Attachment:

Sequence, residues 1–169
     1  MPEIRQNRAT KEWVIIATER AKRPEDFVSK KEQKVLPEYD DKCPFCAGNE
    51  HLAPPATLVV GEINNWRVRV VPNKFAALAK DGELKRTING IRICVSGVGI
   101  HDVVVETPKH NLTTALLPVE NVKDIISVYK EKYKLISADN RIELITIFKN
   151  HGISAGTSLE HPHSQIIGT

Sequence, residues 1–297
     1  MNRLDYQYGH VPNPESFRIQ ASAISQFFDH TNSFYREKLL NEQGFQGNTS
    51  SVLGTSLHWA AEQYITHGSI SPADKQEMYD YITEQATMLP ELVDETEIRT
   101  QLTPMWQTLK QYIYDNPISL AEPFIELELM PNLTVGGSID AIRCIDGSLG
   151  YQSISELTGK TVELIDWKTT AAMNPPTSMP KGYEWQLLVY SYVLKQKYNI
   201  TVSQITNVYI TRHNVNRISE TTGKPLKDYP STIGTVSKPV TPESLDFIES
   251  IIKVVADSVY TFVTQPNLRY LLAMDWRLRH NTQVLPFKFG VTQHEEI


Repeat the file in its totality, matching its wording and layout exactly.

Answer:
Sequence, residues 1–169
     1  MPEIRQNRAT KEWVIIATER AKRPEDFVSK KEQKVLPEYD DKCPFCAGNE
    51  HLAPPATLVV GEINNWRVRV VPNKFAALAK DGELKRTING IRICVSGVGI
   101  HDVVVETPKH NLTTALLPVE NVKDIISVYK EKYKLISADN RIELITIFKN
   151  HGISAGTSLE HPHSQIIGT

Sequence, residues 1–297
     1  MNRLDYQYGH VPNPESFRIQ ASAISQFFDH TNSFYREKLL NEQGFQGNTS
    51  SVLGTSLHWA AEQYITHGSI SPADKQEMYD YITEQATMLP ELVDETEIRT
   101  QLTPMWQTLK QYIYDNPISL AEPFIELELM PNLTVGGSID AIRCIDGSLG
   151  YQSISELTGK TVELIDWKTT AAMNPPTSMP KGYEWQLLVY SYVLKQKYNI
   201  TVSQITNVYI TRHNVNRISE TTGKPLKDYP STIGTVSKPV TPESLDFIES
   251  IIKVVADSVY TFVTQPNLRY LLAMDWRLRH NTQVLPFKFG VTQHEEI